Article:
Anna Eskamani weighs in on Supreme Court’s arguments on abortion rights

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Anna Eskamani of Planned Parenthood of Southwest and Central Florida
Anna Eskamani. By Seán Kinane / WMNF News (March 2016).

Last Wednesday, the U.S. Supreme Court heard oral arguments in a Mississippi case that bans abortions starting at fifteen weeks of pregnancy. Several conservative justices indicated they were likely to vote to uphold the Mississippi law. If so, it would threaten to overturn the 1973 Roe v. Wade ruling that legalized abortion across the U.S.

Supreme Court oral arguments

On the show, we heard a short clip from the SCOTUS oral arguments. It was Justice Sonia Sotomayor asking the Mississippi solicitor general what the law says about whether a fetus experiences pain and how whether the viability of a fetus is legally relevant.

Rep. Anna Eskamani

On WMNF’s Tuesday Café, Seán Kinane interviewed Orlando-area Democratic State Representative Anna Eskamani to get her thoughts about the oral arguments in the Supreme Court.

Many states have trigger laws that go into effect if Roe v Wade is overturned. We talked about what would happen in Florida if Roe is overturned. And about Florida’s constitutional privacy amendment.

What if Roe is overturned?

Eskamani said that if abortion rights are threatened, it might encourage more Democrats to vote. “I do. And I think that’s why Republicans are hesitant, here in Florida, to follow through with what Texas did. I think that’s why Republicans are pursuing a fifteen-week abortion ban and are trying to act like this is more moderate or reasonable,” Eskamani told WMNF.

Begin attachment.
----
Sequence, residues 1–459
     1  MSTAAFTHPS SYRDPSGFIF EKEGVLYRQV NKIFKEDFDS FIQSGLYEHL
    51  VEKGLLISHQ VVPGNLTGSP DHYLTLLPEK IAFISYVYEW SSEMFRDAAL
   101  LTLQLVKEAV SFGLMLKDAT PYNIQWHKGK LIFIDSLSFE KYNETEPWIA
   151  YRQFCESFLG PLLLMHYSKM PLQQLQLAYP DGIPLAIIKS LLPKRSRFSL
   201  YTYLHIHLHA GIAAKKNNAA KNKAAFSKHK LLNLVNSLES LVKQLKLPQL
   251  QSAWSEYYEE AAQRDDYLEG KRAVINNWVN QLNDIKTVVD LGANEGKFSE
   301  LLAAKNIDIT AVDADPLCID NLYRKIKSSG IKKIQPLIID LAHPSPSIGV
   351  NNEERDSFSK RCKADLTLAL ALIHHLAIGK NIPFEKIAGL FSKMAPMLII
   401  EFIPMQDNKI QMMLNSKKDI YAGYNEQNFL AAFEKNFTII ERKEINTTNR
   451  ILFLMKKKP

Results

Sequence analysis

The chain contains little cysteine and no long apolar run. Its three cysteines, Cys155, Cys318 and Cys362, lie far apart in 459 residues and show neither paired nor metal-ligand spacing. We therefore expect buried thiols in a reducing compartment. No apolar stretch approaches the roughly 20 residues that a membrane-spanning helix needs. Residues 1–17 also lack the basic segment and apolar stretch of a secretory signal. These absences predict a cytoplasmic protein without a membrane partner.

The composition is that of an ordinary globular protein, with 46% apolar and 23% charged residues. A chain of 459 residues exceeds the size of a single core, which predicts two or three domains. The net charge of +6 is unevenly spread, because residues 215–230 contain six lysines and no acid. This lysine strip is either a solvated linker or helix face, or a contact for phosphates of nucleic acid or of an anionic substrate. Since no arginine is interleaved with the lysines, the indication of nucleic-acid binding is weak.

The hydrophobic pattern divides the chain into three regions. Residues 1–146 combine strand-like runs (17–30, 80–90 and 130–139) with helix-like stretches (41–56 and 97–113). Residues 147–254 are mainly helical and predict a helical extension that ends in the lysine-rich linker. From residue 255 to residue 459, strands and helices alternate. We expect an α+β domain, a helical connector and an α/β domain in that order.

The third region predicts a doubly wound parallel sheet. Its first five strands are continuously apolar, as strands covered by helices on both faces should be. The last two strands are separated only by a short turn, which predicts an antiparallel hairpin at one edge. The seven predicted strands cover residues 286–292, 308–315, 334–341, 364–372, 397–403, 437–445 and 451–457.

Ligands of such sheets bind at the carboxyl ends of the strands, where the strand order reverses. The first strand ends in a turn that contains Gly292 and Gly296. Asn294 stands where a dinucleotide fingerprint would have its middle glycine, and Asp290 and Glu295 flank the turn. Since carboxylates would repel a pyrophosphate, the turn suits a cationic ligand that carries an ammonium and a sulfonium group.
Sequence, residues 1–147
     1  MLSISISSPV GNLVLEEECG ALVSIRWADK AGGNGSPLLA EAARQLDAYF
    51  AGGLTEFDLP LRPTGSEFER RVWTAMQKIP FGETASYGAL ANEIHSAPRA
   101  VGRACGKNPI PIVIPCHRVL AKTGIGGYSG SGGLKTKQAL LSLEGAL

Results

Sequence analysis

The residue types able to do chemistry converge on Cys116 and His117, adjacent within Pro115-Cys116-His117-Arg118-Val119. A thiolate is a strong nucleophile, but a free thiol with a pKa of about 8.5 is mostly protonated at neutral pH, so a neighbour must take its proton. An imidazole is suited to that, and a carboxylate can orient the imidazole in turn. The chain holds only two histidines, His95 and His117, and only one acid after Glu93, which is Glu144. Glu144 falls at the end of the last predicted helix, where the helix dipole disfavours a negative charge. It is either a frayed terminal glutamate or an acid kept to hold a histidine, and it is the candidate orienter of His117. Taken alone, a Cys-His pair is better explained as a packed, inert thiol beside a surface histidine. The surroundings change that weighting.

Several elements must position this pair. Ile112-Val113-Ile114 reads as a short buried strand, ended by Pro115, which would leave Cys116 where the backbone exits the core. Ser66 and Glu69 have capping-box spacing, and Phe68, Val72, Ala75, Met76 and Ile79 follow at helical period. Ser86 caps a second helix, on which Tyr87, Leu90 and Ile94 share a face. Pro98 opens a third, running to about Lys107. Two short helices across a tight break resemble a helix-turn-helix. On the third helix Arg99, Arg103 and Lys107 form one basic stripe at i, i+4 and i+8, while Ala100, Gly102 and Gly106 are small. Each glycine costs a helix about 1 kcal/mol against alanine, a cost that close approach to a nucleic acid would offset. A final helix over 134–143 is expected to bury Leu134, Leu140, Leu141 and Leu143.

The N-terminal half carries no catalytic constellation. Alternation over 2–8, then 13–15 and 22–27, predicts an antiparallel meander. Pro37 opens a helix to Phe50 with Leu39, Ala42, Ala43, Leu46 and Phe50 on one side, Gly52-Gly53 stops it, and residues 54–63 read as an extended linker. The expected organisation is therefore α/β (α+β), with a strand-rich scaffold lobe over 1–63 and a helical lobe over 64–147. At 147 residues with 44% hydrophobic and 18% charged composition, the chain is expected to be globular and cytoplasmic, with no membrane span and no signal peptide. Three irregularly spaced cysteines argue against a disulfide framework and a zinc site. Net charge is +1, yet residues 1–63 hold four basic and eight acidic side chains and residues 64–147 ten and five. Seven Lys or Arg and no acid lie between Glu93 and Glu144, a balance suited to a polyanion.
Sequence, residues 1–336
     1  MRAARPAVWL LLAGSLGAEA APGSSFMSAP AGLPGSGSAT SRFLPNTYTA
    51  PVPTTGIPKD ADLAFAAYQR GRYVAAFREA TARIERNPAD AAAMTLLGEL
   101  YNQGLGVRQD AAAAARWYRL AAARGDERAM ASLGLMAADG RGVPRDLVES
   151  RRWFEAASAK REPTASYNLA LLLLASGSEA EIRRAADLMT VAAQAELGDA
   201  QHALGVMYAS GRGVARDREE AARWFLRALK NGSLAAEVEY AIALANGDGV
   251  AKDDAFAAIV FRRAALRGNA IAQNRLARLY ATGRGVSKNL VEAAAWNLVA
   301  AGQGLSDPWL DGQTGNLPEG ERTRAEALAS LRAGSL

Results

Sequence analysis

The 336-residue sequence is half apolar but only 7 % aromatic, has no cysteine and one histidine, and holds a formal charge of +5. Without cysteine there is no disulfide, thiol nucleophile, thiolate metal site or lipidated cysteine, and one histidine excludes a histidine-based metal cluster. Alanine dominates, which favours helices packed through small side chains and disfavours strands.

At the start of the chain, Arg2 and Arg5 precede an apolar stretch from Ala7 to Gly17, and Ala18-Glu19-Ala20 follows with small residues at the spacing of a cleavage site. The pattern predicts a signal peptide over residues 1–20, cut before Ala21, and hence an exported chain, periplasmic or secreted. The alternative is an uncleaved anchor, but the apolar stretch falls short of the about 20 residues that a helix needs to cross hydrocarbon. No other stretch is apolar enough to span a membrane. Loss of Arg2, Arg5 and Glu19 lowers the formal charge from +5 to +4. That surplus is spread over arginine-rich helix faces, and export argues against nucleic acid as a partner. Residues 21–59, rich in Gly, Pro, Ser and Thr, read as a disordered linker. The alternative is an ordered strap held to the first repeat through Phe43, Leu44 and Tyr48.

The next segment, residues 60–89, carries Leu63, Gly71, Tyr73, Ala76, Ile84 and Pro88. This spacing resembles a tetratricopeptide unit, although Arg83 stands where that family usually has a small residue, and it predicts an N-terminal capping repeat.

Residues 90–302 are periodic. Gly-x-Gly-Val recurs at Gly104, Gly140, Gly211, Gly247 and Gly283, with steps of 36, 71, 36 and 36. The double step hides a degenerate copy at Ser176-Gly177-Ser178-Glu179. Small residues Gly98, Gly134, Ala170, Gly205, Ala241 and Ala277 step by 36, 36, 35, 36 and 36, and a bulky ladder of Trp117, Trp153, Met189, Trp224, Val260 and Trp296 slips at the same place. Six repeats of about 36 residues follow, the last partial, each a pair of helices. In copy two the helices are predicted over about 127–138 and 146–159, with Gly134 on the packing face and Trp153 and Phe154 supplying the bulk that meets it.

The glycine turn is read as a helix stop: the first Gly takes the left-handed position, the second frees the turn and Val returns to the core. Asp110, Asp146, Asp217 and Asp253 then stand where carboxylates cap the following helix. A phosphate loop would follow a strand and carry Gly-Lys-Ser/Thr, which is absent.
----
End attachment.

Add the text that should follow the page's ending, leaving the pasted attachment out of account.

“And I think that’s what I really want anyone who cares about this issue to be aware of is that fifteen weeks is extreme. No matter how many times Republicans try to say it’s not, it is.

“It’s a complete insult to the status established under Roe v Wade and is politically motivated and attached to a larger agenda to ban abortion. So, fifteen weeks is not moderate.

“I also get so frustrated because being in the minority party, the Republican caucus gets to set the agenda. So they get to establish what ‘normal’ is. But we have to remind ourselves that this is not normal. None of this is normal.

“And so many of the same people that support these anti-abortion bills were also supporting the (January 6, 2021) insurrectionists. And supporting calls that (2020) election results were fake or fraudulent. This is all tied to, unfortunately, a larger disinformation machine that’s all designed to control people. And to put us into a political spectrum that does not benefit the needs of everyday people and instead focuses on those who are in political power.

“So I really encourage folks to be mindful of some of this messaging. Because they’re trying to paint this as if it’s not extreme. But you have to push back against that and share your stories. And again, ground ourselves in the fact that this is a personal medical decision about someone’s pregnancy. And politicians do not belong in it.”

Manatee County’s attempt to outlaw abortion

The Bradenton Herald reports that Florida’s Republican Attorney General responded to members of the Manatee Board of County Commissioners who have been attempting to introduce an ordinance to ban abortions in Manatee County.

The general counsel for Florida Attorney General Ashley Moody sent them a letter saying, “the county is not authorized to adopt an ordinance regulating (other than reasonable zoning ordinances) or banning such clinics because such an ordinance would be preempted by Florida law.”

Rally for Reproductive Freedom Jan. 12

Eskamani spoke about a Tallahassee rally for reproductive freedom planned for January 12, 2022. It’s hosted by Floridians for Reproductive Freedom.

Watch the interview here:

Also on the show, we spoke with a University of Florida immunologist who found mutations in the coronavirus omicron variant that may enhance its transmissibility.

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